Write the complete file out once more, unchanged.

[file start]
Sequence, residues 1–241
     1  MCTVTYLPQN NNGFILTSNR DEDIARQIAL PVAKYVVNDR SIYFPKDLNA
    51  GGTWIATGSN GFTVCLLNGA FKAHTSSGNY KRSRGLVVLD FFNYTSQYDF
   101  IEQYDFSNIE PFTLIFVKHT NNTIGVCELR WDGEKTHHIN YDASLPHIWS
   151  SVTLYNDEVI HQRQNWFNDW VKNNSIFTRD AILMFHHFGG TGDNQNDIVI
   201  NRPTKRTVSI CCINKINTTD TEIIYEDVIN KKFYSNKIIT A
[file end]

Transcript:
Sequence, residues 1–241
     1  MCTVTYLPQN NNGFILTSNR DEDIARQIAL PVAKYVVNDR SIYFPKDLNA
    51  GGTWIATGSN GFTVCLLNGA FKAHTSSGNY KRSRGLVVLD FFNYTSQYDF
   101  IEQYDFSNIE PFTLIFVKHT NNTIGVCELR WDGEKTHHIN YDASLPHIWS
   151  SVTLYNDEVI HQRQNWFNDW VKNNSIFTRD AILMFHHFGG TGDNQNDIVI
   201  NRPTKRTVSI CCINKINTTD TEIIYEDVIN KKFYSNKIIT A